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Consider this expression:

{{0, 1}, {0, 2}, {0, 3}}*Transpose[{{0, 1}, {0, 2}, {0, 3}}]

It returns an error in Mathematica but works perfectly fine in Wolfram Alpha.

Is there a way I can get Mathematica to recognize this syntax? Why is there a difference between the ways that Mathematica and Alpha interpret this expression?

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Short Version

You can get Mathematica to convert WolframAlpha-style free-form input into a valid expression using CTRL+= or by starting an input expression with =:

expression input screenshot

Note how Mathematica made sense of two alternative free-form expressions of the same thing, and converted each into the same valid expression involving the Dot operator.


Longer Version: Why is there a difference?

WolframAlpha is primarily aimed at interpreting input from a human and delivering a response back to that human. As such, it uses inference heavily to try to make sense of what the user entered. In this case, WolframAlpha correctly inferred that the product operation in the expression is actually a matrix multiplication. This is a very reasonable assumption given that WWW users might not be familiar with the ins and outs of Mathematica syntax.

In contrast, the Mathematica system serves two goals. It shares the need to interact with a human just like WolframAlpha. But it also allows Mathematica users (i.e. programmers) to write code intended to be executed by machine as part of larger composite systems. In the first case, inferencing is welcomed as the user can immediately see whether the interpretation was correct. In the second case, inferencing is harmful since there is no human in the loop to spot any misinterpretation.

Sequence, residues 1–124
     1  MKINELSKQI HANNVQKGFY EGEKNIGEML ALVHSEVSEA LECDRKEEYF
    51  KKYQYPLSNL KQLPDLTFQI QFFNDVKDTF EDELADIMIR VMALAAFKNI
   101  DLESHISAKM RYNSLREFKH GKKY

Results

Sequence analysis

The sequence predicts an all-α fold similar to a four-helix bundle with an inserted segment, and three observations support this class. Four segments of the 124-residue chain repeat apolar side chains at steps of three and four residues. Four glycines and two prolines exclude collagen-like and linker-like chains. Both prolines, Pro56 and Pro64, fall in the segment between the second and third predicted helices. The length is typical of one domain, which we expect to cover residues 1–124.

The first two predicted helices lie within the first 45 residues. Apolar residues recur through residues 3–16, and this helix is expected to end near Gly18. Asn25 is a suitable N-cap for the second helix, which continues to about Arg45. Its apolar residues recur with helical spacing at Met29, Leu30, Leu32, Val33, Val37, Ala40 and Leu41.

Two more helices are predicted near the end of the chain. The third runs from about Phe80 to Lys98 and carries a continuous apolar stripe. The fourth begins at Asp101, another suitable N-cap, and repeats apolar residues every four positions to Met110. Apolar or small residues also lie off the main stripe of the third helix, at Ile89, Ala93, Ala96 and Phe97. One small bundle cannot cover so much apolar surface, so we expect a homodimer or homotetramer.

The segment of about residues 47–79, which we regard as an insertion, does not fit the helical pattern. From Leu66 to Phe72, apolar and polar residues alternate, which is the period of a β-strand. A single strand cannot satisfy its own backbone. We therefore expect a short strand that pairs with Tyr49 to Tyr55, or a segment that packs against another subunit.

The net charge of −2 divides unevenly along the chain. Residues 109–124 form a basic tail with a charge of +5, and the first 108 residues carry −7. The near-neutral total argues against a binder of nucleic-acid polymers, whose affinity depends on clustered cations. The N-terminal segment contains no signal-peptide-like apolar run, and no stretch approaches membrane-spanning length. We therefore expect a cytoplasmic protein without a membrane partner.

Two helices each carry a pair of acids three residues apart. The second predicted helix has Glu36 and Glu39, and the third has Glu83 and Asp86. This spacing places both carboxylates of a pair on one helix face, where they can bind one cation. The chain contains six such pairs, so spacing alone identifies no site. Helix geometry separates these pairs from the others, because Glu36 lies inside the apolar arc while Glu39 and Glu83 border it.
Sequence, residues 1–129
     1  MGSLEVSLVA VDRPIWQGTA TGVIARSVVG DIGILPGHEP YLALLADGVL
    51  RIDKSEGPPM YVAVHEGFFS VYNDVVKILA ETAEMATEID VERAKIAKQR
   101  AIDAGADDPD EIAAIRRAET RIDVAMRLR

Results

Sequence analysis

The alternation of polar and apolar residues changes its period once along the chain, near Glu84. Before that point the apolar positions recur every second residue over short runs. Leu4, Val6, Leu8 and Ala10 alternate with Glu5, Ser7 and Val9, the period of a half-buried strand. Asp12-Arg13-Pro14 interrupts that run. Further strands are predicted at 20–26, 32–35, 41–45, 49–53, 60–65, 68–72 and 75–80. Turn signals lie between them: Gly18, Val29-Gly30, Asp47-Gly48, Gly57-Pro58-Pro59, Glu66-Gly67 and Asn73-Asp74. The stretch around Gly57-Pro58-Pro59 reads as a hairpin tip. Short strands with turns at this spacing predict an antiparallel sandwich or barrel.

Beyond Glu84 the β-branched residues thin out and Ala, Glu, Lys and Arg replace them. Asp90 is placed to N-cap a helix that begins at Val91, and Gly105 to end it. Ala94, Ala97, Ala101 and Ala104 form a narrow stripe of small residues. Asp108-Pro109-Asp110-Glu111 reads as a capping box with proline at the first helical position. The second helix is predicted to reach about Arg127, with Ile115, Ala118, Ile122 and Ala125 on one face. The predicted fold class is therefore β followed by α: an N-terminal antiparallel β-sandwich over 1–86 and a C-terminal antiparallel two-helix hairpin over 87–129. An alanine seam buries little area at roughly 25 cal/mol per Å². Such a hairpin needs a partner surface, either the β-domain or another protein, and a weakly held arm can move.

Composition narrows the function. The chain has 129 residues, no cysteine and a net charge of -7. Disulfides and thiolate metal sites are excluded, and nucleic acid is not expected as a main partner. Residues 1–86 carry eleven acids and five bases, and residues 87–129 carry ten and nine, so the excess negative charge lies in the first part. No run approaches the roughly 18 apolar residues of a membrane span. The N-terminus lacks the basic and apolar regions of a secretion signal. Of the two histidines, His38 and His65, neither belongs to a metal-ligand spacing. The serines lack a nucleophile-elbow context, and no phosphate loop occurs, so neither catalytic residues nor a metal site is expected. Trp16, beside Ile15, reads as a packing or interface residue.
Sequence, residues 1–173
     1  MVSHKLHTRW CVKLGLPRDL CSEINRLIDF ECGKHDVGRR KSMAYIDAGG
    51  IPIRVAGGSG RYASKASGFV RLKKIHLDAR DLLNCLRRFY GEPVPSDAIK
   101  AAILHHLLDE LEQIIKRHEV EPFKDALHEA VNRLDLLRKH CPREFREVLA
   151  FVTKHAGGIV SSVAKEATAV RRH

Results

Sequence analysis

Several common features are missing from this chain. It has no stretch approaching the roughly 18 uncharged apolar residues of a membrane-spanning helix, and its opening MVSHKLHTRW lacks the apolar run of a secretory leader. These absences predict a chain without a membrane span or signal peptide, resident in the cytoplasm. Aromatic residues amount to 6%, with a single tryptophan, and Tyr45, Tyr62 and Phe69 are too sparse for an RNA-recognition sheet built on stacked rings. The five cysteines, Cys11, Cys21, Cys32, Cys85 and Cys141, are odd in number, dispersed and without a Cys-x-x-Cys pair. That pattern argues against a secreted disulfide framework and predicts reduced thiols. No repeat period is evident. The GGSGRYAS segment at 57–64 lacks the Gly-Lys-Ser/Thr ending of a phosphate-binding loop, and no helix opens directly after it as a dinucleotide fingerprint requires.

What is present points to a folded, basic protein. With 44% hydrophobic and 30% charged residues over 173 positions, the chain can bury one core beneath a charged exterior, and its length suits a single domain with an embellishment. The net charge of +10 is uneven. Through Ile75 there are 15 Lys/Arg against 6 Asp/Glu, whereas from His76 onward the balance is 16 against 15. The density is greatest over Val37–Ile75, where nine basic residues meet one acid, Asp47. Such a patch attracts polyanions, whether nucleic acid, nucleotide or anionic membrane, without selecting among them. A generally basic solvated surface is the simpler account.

WolframAlpha is treating the exhibited expression as free-form input. The fact that it resembles an Mathematica expression is coincidental. One gets the same result by entering, for example:

((0, 1), (0, 2), (0, 3)) * Transpose ((0, 1), (0, 2), (0, 3))

This is not a valid Mathematica expression, yet WolframAlpha takes it in stride.

The good news is that Mathematica supports both use cases directly. By starting an input expression with =, we can tell Mathematica that we want it to infer our meaning from free-form input:

free-form input screenshot

Note how the product operator has been quietly re-interpreted as the matrix-multiplying Dot operator.

Alternatively, we can use the unambiguous formal Mathematica syntax that makes no assumptions, reporting errors instead:

expression input screenshot

Here, Mathematica is not making any assumptions. We specified * (Times), so it will attempt to use *. It so happens that Times can be applied to matrices, meaning that the multiplication is to be threaded across matching numbers into the two matrices. But... the two matrices do not have the same dimensions to the number cannot be matched up. What is the error? Are the matrix arguments wrong, or is the operator wrong? Mathematica won't guess, so it reports an error to the user (programmer) to fix it.

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    $\begingroup$ In the course of routine maintenance I was preparing to delete this old, closed question, but I feel your answer has lasting value. Would you consider improving the question to put this into the reopen queue? $\endgroup$ – Mr.Wizard Sep 2 '15 at 22:10
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    $\begingroup$ @Mr.Wizard I gave it a try. $\endgroup$ – WReach Sep 2 '15 at 23:25
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If you are looking for matrix multiplication, use . (or the Dot command).

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Dot is a special case of Inner

list = {{0, 1}, {0, 2}, {0, 3}};

Inner[Times, list, Transpose[list], Plus] // MatrixForm

enter image description here

list = {{1, 1}, {1, 2}, {1, 3}}

Inner[Power, list, Transpose[list], Plus] // MatrixForm

enter image description here

Also possible:

Outer[Times, {1, 2, 3}, {1, 2, 3}] // MatrixForm

enter image description here

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